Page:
GREAT is a group dedicated to the research and development of new therapeutic solutions in the field of Tissue Engineering (TE), a branch of Biomedical Engineering. TE blends science and art in combining cells, materials and growth factors using the methods of engineering and the knowledge of the life and exact sciences for the development of biological substitutes to improve or replace the function of damaged or missing organs or tissues. Our research concerns the engineering of skin, blood vessels and bone and cartilage substitutes and the regeneration of the spinal cord.


To overcome the limitations of conventional methods used in the treatment of deep partial and full-thickness wounds, we are developing a complete therapeutic solution that can provide a permanent substitute for damaged skin and be an effective wound healing procedure, both from the functional and cosmetic point of view, that the surgeon can apply on the same day the patient is admitted to the hospital. Our approach is base on the unique properties of polymeric nanofibers arranged into dermal and epidermal substitutes and the use of autologous cells.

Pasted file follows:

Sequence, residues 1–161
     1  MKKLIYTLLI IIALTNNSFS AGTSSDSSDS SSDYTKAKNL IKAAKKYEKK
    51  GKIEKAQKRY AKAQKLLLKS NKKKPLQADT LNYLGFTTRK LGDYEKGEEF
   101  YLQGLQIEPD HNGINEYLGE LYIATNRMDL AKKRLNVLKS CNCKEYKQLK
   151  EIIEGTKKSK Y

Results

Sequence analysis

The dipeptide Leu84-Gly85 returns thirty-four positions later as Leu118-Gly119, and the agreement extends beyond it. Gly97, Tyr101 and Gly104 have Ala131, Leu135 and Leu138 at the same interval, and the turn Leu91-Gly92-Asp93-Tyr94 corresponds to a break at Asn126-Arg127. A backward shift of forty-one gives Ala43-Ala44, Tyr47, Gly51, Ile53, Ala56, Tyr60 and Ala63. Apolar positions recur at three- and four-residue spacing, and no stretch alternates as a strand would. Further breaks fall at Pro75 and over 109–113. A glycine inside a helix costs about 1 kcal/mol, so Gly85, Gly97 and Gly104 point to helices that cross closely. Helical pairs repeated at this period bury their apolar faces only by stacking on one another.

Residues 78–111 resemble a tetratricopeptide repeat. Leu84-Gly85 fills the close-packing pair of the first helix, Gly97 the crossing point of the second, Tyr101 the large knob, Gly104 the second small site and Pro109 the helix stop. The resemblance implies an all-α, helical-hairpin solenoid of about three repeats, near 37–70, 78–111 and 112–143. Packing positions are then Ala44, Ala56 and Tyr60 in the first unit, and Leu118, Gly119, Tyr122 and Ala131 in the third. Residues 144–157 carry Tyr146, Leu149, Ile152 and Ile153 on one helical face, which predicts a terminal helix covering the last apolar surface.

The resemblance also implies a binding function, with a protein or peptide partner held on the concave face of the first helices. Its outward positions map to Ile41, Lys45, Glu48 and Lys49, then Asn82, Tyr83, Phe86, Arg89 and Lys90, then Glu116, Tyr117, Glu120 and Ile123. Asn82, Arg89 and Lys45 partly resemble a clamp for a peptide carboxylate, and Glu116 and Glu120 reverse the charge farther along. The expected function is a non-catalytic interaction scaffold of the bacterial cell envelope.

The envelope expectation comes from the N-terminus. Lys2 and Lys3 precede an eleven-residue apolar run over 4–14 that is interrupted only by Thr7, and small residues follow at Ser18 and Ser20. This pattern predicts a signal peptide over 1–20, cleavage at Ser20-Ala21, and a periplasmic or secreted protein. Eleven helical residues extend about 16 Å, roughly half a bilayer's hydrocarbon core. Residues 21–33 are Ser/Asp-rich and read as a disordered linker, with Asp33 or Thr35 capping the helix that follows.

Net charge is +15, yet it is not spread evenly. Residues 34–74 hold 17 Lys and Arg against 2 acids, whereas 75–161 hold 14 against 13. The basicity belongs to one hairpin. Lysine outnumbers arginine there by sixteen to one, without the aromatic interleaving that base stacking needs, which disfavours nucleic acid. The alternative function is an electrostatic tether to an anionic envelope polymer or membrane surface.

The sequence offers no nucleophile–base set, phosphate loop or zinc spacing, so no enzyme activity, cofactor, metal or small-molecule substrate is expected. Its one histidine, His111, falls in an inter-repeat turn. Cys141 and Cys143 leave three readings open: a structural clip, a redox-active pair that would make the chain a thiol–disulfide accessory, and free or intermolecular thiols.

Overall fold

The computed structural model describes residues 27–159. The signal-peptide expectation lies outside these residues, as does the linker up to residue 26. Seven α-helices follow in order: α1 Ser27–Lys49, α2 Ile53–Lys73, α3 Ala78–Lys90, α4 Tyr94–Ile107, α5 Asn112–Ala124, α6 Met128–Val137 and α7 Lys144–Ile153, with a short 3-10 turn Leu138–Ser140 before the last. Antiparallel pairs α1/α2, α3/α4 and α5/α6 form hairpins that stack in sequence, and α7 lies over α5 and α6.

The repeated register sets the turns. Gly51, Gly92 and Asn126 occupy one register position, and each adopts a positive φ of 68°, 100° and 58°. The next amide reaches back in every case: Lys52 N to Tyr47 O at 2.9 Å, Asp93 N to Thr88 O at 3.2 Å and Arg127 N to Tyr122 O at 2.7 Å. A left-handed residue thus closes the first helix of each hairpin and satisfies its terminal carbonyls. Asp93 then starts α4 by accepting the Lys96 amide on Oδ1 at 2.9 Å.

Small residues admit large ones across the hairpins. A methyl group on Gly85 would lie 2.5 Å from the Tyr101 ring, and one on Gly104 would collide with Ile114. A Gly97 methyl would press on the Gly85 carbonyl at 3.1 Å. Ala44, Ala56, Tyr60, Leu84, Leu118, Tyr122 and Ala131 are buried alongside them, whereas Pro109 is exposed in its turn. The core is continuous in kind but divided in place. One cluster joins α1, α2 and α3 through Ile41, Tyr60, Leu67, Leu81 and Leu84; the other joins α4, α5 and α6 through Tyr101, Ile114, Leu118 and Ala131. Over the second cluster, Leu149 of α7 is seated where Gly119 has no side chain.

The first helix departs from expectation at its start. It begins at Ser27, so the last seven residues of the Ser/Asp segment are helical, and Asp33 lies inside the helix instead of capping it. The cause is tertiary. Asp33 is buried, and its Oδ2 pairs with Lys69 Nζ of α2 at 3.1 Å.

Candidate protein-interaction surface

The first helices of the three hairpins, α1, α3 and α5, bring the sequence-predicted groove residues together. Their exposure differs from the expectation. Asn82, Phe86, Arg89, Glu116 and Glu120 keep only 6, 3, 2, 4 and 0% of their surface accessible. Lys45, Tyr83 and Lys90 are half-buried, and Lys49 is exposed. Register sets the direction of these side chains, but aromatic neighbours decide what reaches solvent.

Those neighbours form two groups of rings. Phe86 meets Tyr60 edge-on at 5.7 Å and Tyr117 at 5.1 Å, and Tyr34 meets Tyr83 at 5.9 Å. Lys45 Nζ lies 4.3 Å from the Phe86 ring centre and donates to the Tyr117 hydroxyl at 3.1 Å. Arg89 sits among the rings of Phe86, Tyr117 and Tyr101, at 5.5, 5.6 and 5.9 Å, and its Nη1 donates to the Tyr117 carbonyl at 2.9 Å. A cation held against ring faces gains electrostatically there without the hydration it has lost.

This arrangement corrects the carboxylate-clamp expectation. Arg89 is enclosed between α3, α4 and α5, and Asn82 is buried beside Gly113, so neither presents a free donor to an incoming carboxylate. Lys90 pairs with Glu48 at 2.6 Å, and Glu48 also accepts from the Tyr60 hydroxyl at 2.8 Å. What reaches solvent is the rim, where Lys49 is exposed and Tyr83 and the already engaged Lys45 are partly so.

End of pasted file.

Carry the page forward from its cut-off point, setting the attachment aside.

The complexity of the Central Nervous System and of its response to a Spinal Cord injury makes recovery of motor and sensorial functionalities an unsolved clinical problem. Our research focusses on the development and evaluation of the influence of the structure and composition of neural conduits on the establishment of neuronal processes and myelination (endogenous regeneration) and on the differentiation (into different neural phenotypes) of Neural Stem/Progenitor Cells (scaffold assisted cell transplantation)


Our vision of the future blood vessel replacement consists in a multilayered tubular structure having a composition and microstructure tuned to foster cell migration and metabolism. This acellular scaffold - produced by electrospinning nano and microfibers of different polymers - exhibits mechanical properties comparable to those of the vessel it aims to replace in order to withstand the mechanical stresses upon implantation. It will be anastomosed to both ends of the native vessel and endogenous cells will initiate the regeneration of the damaged blood vessel. 


Osteochondral TE promotes the simultaneous regeneration of articular cartilage and underlining subchondral bone. It requires the use of bilayered scaffolds to promote individual growth of both tissues on a single integrated implant. We are using a novel approach towards the development of scaffolds for osteochondral tissue based on inverted colloidal crystals. These structures present a highly ordered porous structure with interconnected pores and excellent mechanical properties.